In the 1891 census we find that Henry’s two sons William and Henry (Jnr.) are also gainfully employed on the widening of the Great Western Railway in Sonning Cutting. As for the 1911 census, Sara Ann is recorded as being 62 years of age. Their 27 year old son Hubert was a household decorator, still living at home.

Two further illustrations of the widening of Sonning Cutting. Above. A fine body of navies pose for the camera. To the right is, a “Gin Run,” for taking the soil up the near vertical side.

Above. Brunel’s wooden bridge in Warren Road, in the throes of being replaced with the much larger iron example that still stands today.

Illustration 3. To have survived for over a century, the Bill and receipt of payment, for the funeral of Henry (senior) is remarkable. As for a local builder performing the subtle task of undertaker and all of the associated arrangements, is quite unique. Perhaps this was an expedient due to the shortage of manpower and materials for undertakers due to the, in 1917, seemingly endless conflict.

J. Nelson is listed in the local directory for 1916 as a builder and undertaker, which was an unusual pairing to say the least. Furthermore no address, both on the receipt and in the directory, is given other than Woodley. No doubt, so small was the local population to the postman and others that an address and house number was not considered to be of any worth.

Illustration 4.  Horace appears to have been a lad of great diligence, as witnessed on the inside front page of a book presented to him at St. Johns Church in 1912, in recognition of a whole year’s Regular & Punctual Attendance at the Monday evening Choir practice at St John’s Church, dated June 12th 1911 – June 10th 1912.

Illustration 5. Pictured during the Great War, looking like a mere child, Horace is to the right of the trio.

Illustration 6. By good fortune Horace Evans returned home in good health; having joined up as a mere seventeen year old lad in August 1917.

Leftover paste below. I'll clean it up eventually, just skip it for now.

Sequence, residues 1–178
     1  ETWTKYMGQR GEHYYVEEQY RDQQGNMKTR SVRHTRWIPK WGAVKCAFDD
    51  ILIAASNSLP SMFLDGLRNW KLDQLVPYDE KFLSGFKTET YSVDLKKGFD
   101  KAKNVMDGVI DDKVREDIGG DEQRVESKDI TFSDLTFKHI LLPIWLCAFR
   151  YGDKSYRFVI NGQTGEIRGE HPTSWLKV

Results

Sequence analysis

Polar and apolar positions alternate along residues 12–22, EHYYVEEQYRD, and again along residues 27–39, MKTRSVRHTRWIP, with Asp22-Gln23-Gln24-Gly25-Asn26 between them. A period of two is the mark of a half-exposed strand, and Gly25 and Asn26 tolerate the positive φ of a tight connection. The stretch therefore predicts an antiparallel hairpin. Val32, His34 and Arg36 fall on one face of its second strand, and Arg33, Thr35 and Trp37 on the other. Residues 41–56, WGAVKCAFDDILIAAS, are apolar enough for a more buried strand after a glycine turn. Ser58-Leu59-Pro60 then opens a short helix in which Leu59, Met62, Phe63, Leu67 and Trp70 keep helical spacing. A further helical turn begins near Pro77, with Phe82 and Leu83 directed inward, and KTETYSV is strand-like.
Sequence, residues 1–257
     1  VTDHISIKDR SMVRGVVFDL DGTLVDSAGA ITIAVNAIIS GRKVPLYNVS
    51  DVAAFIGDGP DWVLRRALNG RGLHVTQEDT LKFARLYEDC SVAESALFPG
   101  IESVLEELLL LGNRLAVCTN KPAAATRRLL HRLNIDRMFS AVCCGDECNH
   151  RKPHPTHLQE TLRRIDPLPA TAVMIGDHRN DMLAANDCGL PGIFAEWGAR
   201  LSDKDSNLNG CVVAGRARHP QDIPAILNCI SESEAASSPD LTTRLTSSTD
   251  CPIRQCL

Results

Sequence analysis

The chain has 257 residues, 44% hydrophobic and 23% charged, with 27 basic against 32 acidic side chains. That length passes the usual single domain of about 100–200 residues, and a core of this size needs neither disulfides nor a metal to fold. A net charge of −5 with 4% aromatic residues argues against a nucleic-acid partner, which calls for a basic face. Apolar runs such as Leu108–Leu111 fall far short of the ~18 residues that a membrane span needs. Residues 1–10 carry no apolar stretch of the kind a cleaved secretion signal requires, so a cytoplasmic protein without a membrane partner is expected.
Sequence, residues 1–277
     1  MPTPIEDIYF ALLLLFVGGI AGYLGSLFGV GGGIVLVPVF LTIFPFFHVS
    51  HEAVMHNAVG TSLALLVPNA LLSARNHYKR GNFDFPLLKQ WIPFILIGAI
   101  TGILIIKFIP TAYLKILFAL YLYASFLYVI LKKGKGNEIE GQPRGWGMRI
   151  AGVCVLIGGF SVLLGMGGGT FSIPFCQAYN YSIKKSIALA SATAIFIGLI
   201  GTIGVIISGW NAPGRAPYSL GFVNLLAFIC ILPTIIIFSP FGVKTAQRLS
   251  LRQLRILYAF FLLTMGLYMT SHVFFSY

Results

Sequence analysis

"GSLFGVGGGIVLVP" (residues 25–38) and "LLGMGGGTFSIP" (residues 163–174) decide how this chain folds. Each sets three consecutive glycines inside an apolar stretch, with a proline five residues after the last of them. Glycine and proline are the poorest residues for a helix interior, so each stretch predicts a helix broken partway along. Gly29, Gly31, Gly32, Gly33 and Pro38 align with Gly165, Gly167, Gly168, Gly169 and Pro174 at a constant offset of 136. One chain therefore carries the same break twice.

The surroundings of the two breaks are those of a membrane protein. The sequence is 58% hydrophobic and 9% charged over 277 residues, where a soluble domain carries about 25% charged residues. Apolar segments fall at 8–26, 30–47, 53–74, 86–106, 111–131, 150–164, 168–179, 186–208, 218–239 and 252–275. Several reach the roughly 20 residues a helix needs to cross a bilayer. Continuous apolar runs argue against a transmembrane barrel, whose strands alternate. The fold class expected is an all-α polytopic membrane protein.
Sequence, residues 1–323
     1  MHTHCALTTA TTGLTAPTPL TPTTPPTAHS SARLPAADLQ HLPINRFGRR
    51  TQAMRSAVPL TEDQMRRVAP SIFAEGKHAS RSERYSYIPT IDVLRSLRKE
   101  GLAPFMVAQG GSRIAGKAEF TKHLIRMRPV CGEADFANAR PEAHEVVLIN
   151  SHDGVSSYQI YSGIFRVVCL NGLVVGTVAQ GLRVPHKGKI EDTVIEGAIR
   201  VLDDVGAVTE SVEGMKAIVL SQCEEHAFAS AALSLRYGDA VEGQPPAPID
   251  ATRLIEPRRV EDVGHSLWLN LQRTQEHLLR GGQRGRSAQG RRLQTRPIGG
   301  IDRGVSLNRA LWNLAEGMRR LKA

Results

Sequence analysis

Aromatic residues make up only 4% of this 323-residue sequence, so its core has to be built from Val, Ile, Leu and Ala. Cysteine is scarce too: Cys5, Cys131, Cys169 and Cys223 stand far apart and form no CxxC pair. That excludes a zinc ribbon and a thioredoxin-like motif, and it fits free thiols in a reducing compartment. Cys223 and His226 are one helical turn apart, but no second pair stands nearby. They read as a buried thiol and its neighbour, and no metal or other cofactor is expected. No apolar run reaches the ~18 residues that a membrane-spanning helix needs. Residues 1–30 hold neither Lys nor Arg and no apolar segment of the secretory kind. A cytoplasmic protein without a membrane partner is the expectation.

Illustration 7. Horace – The oldest man in Woodley. Reading Post. 16th March 1994.

Phil’ (as he liked to be called) Evans was Phillip’s father. As for his mother, she came to Reading seeking employment. There being precious little to be found in Llanystumdwy, a small hamlet in North Wales, where Lloyd George is buried. By chance she and Phil’ met whilst working on a Poultry farm located between Loddon Bridge Road and Colemans Moor Road; accessed by the still extant short stretch of the footpath that commences opposite the end of Fosters Lane. Before the “last war” the latter location was also home to a fairly extensive area of gravel pits. It was whilst working there in December 1931, that Phil witnessed Douglas Bader’s memorable crash, the result of reckless flying.

 Phillip’s memories of Woodley in the 1950s include the seemingly, ever spreading number of gravel pits in the district. Ever a transport enthusiast and lover of all things mechanical, he remembers, what today, are the lakes that now form part the nature reserve in Ashenbury Park. Operated by the Ham River Gravel Company, the extensive area of extraction ran parallel to the south side of the road that bordered Wangels Copse. At the time a small contractor’s railway was utilised in bringing the newly extracted aggregates to the washing plant, using a short narrow gauge train composed of diminutive side tipping wagons.